Mark A. Alvarez II is a Hispanic-American born in Houston, Texas. He’s a graduate of Texas State University, where he studied public relations and mass communication. He was an apprentice at the NEW Apprenticeship where he was certified in digital marketing. He is the CEO of Light Wings Promotions LLC. A digital marketing and creative branding agency in San Antonio, Texas, where Mark currently resides.
Readers will dive into the world Terestria and its Virtues. Heirs of nobility forced to face the Sins of their forefathers and bring their world from the brink of Darkness. Among them is Lucia, High Maiden to the province of Moz and chosen of the Light Wings. This ancient relic, bestowed upon a long-forgotten civilization by the Light itself, forged to harbor the Light’s essence if Terestria’s balance is threatened by the Darkness’ desire to corrupt its most-prized creation: Life. If successful and the long-standing covenant between the Light and its Protectors is broken, the Darkness is free to roam Terestria and reclaim the land it had a hand in creating — bringing death and destruction to every corner of the world.
With the help of the Light Wings and its power, Lucia must heed its call to assemble the Light’s Virtues. And lead them into battle against the very Sins that seek to destroy their world. “Dutybound” is a journey of self-discovery, as these heroes face conflict both from outside and within themselves. Duty, desire, envy, hope, hate, love, pride and temperance all challenge this bold tale. It is sure to have readers pondering their own true nature. YEM was able to speak with Mark about how he got into writing, his upcoming book Dutybound. He was also able to share his inspiration for the book.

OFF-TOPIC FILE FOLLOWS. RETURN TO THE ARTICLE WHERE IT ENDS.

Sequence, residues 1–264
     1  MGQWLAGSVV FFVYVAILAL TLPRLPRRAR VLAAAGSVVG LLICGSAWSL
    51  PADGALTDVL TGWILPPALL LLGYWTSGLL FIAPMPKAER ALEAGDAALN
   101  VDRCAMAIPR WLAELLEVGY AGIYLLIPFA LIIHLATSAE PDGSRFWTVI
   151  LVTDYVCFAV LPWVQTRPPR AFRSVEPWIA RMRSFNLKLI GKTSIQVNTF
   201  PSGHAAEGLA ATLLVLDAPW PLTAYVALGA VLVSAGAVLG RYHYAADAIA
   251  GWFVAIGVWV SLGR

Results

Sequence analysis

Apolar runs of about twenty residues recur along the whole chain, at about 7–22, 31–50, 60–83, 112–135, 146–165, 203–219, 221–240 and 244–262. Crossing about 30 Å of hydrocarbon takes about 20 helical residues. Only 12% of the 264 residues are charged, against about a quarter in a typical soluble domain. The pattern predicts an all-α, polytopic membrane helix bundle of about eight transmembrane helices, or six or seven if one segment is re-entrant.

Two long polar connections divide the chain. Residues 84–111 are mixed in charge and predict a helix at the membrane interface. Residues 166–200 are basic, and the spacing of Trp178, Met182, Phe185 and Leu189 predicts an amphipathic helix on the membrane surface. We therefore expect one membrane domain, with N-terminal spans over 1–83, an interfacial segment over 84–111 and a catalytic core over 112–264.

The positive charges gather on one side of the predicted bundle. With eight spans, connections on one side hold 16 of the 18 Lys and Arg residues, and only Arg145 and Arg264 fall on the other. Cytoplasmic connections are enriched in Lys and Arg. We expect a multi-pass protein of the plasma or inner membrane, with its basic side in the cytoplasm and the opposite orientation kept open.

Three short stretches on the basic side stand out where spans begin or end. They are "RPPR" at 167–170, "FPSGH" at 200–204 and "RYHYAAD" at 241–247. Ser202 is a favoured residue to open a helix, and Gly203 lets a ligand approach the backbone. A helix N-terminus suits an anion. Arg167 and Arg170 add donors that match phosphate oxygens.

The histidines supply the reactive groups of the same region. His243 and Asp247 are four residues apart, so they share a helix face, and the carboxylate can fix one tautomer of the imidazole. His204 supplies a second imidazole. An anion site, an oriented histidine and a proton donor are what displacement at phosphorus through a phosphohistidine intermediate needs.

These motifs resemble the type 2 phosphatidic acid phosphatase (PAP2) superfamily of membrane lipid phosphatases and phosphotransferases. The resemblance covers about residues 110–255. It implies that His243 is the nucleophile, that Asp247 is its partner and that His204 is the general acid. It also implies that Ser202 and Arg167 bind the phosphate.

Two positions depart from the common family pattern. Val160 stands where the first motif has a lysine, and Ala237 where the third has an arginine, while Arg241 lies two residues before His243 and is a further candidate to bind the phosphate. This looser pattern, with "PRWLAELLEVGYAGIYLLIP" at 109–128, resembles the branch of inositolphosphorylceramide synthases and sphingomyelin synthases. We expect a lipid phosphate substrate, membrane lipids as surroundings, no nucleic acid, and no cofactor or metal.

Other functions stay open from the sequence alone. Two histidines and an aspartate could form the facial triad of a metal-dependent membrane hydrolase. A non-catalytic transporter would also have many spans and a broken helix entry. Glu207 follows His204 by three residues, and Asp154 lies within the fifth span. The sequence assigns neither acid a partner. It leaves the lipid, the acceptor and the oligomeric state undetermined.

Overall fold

Young Entertainment Mag: How did you first get into writing?
Mark Alvarez: I’ve always been a writer. I started writing when I was very young, and was maybe eight or so. I had received a shiny blue journal for my birthday and used to write all kinds of stories in it. Much of Dutybound is conceived from source material I gathered over the years from various stories I used to think up, but mainly I was, at first, writing Dutybound as a video game called Light Wings.
YEM: Your upcoming book is Dutybound. Can you tell us about it?
Mark: Dutybound is a coming-of-age, dark fantasy set in a dystopian world filled with darkness and destruction. In the world of Terestria, Lucia Sanoon, the high maiden to Moz, one of Terestria’s four great provinces, receives a mystical pendant from her long-lost father and eventually forced to follow in his footsteps when a strange, terrifying force attacks her home. Along the way other heirs of nobility join, who, like her, have a part to play in the fate designed by Lucia’s pendant, the Light Wings. Dutybound is a story about finding light in a world where there isn’t any. And that light is very much tied to the morality of the main characters, who each represent a different virtue unique to their personalities.
YEM: Where did the inspiration for this story come from?